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An Enduring Challenge

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Column by UK Athletics Chairman Ed Warner, as seen in Athletics Weekly magazine

 

 

24 December 2007

 

The broad success in this month's European Cross Country Championships constitutes a welcome antidote to gloomy prognoses about the future of British endurance running.

 

Congratulations must go to the athletes and their coaches for their performances in Toro which saw the Norwich Union Great Britain & Northern Ireland team take home an impressive haul of eight medals and confirm their status as the strongest cross country nation in Europe. But the challenge on the world stage remains undeniable.

 

One objective of UKA's Road Running Leadership Group (RRLG) is to support performance in raising the standard of elite endurance running. So far, the Group has focused its attentions on the introduction of a new race licensing system and is developing an online community for both runners and race organisers.

 

As those initiatives launch in early 2008, so the Group's attention will shift to how to spend its income, both to enhance road running locally and to fund those initiatives set by performance at the elite level.

 

While the RRLG can call upon deep experience of endurance running, it will still be keen to canvas widely for solutions to the elite question, as it provides support to those setting the policies that will underpin the event.

 

In recent weeks I've had occasion to quiz a number of former top distance runners and their coaches. Asked - if money were no object - how they'd develop our endurance elite, ideas are surprisingly few.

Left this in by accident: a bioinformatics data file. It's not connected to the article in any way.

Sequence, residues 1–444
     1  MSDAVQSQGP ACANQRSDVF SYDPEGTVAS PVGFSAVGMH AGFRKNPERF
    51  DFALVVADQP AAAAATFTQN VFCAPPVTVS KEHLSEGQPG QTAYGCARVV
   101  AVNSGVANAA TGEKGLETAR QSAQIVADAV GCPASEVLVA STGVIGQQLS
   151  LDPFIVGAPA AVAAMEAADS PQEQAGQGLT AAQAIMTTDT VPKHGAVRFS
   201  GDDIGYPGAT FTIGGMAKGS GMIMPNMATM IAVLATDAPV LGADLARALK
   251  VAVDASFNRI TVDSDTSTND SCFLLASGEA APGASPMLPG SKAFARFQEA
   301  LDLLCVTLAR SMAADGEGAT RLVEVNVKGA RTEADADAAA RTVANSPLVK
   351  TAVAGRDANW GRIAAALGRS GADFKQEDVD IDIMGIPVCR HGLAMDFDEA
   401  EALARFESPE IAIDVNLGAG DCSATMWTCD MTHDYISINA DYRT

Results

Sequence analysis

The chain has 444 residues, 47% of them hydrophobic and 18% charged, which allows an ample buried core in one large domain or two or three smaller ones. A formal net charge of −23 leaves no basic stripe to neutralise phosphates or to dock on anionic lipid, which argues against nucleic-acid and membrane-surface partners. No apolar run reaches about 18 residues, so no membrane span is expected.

The challenges posed by the dominance of the African nations, societal changes that militate against the necessary training workloads, and the lack of raw athletes with the essential ingredients are often cited as insuperable problems.

 

However, as a recent article in Athletics Weekly highlighted, a number of squad-based initiatives are beginning to bear fruit in American marathoning. Similarly, UKA's own Endurance Performance Centre (EPC) at St Mary's - supported by London Marathon, and part of the West London HiPAC - is gaining traction. And Paula Radcliffe's dedicated approach is a shining example of what's possible.

 

While in endurance running, as in all athletic disciplines, there is no substitute for hard work, there is probably also more than one way to identify and then develop talent. The greater the perceived gap between best of British and best in the world, the more open-minded we must be to innovation and it is my hope that the RRLG will provide the support for those members of the performance team charged with these essential tasks.

 

There are about to be elections to the RRLG, so that in future it comprises a mix of elected and appointed members. I hope that a good list of candidates emerges for roles that really could make a difference to what is a vibrant strand of our sport but which could do with more Britons at or near the front of international fields.

 

The existing members of the RRLG believe that smart investment can and will make a difference - over the long haul.